On the maximum charge state and proton transfer reactivity of peptide and protein ions formed by electrospray ionization

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A relatively simple model for calculation of the energetics of gas-phase proton transfer reactions and the maximum charge state of multiply protonated ions formed by electrospray ionization is presented. This model is based on estimates of the intrinsic proton transfer reactivity of sites of protonation and point charge Coulomb interactions. From this model, apparent gas-phase basicities (GBapp) of multiply protonated ions are calculated. Comparison of this value to the gas-phase basicity of the solvent from which an ion is formed enables a maximum charge state to be calculated. For 13 commonly electrosprayed proteins, our calculated maximum charge states are within an average of 6% of the experimental values reported in the literature. This indicates that the maximum charge state for proteins is determined by their gas-phase reactivity. Similar results are observed for peptides with many basic residues. For peptides with few basic residues, we find that the maximum charge state is better correlated to the charge state in solution. For low charge state ions, we find that the most basic sites Arg, Lys, and His are preferentially protonated. A significant fraction of the less basic residues Pro, Trp, and Gln are protonated in high charge state ions. The calculated GBapp of individual protonation sites varies dramatically in the high charge state ions. From these values, we calculate a reduced cross section for proton transfer reactivity that is significantly lower than the Langevin collision frequency when the GBapp of the ion is approximately equal to the GB of the neutral base. © 1995, American Society for Mass Spectrometry. All rights reserved.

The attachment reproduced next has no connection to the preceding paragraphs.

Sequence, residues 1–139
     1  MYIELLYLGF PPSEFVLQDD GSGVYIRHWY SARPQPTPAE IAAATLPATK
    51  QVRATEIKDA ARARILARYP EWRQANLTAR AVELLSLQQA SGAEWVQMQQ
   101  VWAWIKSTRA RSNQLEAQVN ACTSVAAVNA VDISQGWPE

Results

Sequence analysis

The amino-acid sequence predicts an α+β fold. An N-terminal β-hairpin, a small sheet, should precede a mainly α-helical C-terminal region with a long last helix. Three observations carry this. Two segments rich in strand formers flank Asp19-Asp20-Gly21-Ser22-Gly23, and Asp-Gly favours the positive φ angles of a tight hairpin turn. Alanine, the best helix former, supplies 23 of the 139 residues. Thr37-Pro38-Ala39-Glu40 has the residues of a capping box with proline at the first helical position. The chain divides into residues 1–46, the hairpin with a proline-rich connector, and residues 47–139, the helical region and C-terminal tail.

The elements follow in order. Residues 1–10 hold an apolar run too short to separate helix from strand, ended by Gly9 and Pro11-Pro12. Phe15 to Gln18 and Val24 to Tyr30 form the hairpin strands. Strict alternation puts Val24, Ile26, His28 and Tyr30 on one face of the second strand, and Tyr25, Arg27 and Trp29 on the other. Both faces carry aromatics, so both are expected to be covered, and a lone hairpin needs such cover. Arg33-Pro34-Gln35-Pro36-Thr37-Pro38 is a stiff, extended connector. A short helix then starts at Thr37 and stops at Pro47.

Schnier, P. D., Gross, D. S., & Williams, E. R. (1995). On the maximum charge state and proton transfer reactivity of peptide and protein ions formed by electrospray ionization. Journal of the American Society for Mass Spectrometry, 6(11), 1086–1097. https://doi.org/10.1016/1044-0305(95)00532-3

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